Published 7:57 PM EDT Oct 1, 2018
Brett Kavanaugh’s confirmation has brought to the fore some truly dangerous arguments.
Democrat Maria Cardona, a friend and frequent TV sparring partner of mine, exclaimed on CNN: "This isn’t a moment for due process!" She followed the thinking of Benjamin Wittes, editor-in-chief of Lawfare, who wrote: "Even if (Kavanaugh) truly believes himself innocent, even if he is innocent — the better part of valor is to get out now."
I cannot imagine a more dangerous sentiment than this, in which an American citizen is commanded to publicly admit guilt when he has sworn under oath he is innocent. To cross that Rubicon would put us on a mindlessly anarchical path in which the presumption of innocence is jettisoned to satisfy the political passions of an angry mob.
That is not to say that Christine Blasey Ford was not compelling, nor does it diminish the pain of sexual assault survivors. But, for lack of a better term, we must find a way to walk and chew gum at the same time, respecting victims while holding fast to the concepts of law and justice that set America apart from the world. And we should not be forced to believe the two are mutually exclusive.
Don't diminish this debate
A confirmation hearing is not a court of law, as Kavanaugh’s detractors remind us constantly. But neither is it a job interview. This confirmation is simultaneously an exploration of the character of a human being and of the larger issues that define the character of American justice. To call this a job interview in a world where people change jobs as often as they change the oil in their car diminishes the seriousness of the debate.
Already, there are calls on the left for Kavanaugh’s impeachment, whether he is confirmed or not. Democrats, who demanded the FBI look further into Kavanaugh, were predictably trashing the investigation a day after Republicans gave in. We are dangerously close to a moment in which a significant number of Americans simply stop accepting outcomes produced by our democratic processes.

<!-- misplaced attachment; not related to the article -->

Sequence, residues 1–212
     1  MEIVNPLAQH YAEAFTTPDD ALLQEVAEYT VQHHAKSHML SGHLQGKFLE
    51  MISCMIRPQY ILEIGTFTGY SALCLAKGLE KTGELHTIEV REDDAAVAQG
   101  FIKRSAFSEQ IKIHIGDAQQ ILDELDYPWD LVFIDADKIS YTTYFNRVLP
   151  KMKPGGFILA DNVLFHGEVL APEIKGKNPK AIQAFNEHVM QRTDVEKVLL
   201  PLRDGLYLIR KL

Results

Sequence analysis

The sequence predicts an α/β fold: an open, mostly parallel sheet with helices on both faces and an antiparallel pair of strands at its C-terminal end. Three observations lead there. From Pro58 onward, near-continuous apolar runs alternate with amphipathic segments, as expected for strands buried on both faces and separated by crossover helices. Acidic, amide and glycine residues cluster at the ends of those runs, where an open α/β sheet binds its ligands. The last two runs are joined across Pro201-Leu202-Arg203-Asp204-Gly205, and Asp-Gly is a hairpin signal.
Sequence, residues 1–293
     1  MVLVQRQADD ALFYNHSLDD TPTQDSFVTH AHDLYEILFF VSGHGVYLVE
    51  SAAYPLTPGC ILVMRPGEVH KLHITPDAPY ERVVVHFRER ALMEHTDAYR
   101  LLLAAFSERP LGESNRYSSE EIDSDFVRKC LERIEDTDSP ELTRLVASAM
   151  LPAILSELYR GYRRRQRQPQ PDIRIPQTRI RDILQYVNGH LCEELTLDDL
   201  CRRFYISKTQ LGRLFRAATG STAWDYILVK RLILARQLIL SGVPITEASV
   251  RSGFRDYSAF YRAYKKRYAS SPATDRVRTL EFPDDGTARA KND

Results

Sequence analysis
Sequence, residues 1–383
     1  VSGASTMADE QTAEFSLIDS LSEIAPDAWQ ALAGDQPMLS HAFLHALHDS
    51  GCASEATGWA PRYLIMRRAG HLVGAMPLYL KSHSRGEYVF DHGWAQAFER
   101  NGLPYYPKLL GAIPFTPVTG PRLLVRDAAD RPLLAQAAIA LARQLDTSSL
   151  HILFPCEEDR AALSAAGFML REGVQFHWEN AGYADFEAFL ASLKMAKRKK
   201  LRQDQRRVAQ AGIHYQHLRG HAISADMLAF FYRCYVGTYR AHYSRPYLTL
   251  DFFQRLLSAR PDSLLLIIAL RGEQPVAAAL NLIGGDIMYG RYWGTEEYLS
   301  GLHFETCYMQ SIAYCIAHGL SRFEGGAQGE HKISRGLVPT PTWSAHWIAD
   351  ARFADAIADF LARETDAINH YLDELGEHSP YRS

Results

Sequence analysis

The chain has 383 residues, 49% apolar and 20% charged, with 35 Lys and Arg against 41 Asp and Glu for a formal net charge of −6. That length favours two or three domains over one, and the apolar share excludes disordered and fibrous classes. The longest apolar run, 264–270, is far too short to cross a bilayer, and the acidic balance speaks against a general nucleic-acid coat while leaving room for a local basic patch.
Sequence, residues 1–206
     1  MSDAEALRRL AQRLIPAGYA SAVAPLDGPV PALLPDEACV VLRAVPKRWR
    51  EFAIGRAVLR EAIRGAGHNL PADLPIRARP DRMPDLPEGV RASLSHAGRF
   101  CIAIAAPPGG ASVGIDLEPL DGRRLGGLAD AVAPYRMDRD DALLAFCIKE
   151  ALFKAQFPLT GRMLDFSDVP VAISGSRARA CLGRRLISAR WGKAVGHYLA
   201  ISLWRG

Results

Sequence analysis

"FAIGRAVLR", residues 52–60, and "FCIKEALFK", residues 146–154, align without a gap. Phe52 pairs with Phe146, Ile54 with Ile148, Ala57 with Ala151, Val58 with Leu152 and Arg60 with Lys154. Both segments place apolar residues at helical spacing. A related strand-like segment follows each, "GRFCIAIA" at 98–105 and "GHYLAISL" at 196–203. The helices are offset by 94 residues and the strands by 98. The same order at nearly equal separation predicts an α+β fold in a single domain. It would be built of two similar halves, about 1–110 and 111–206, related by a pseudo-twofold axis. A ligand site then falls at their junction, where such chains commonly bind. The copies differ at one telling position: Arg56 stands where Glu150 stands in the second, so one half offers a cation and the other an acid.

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When you couple that with the idea that a citizen who believes himself to be innocent must submit to the passions of an angry mob, supposedly for the good of a movement, anarchy is not far behind.
Where's the presumption of innocence?
Defending the British soldiers accused of murder after the Boston Massacre, John Adams opened with an impassioned plea for the presumption of innocence:
But when innocence itself, is brought to the bar and condemned, especially to die, the subject will exclaim, it is immaterial to me, whether I behave well or ill; for virtue itself, is no security. And if such a sentiment as this, should take place in the mind of the subject, there would be an end to all security what so ever.
Why should anyone follow any laws if there is no guarantee that being innocent is an acceptable defense when you stand accused of breaking them? Kavanaugh, it seems, is to be damned if he did, and damned if he did not.
Many Americans — women included — are fearful of where this thinking takes us. An old friend texted me:
As a mother of a son … that a false accusation against an otherwise seemingly good person can ruin his life … scares the crap out of me. While I wouldn’t say that all over Facebook … there has to be some number of women who identify more as mothers in fear for their sons than as feminist women. If I feel this way — a lifelong Republican who didn’t vote for Trump — I have to think a lot of other people silently feel this way, too.
She fears a government too weak to protect her son from a false or unproven accusation, and a mob that would punish her for speaking this notion freely. Angry mobs cannot rule America. Voting to confirm Kavanaugh is not an endorsement of sexual assault, as some argue, any more than John Adams was endorsing British oppression in his defense of the Redcoats.
It takes courage for victims to come forward. It also takes courage to stand athwart an angry mob, especially one armed with the supportive megaphone of our largest news media outlets. But there is no virtue in tearing down American traditions of law and justice for the political aim of preserving Roe v. Wade, which is, if you listen carefully, what this fight is truly about. The mob should try winning an election to achieve its political objectives.
Kavanaugh deserves the benefit of the doubt until actual evidence emerges that he is guilty of anything, and he should be confirmed posthaste.
Scott Jennings is a CNN Contributor and Partner at RunSwitch Public Relations. This column first appeared in The (Louisville) Courier-Journal. You can follow him on Twitter: @ScottJenningsKY.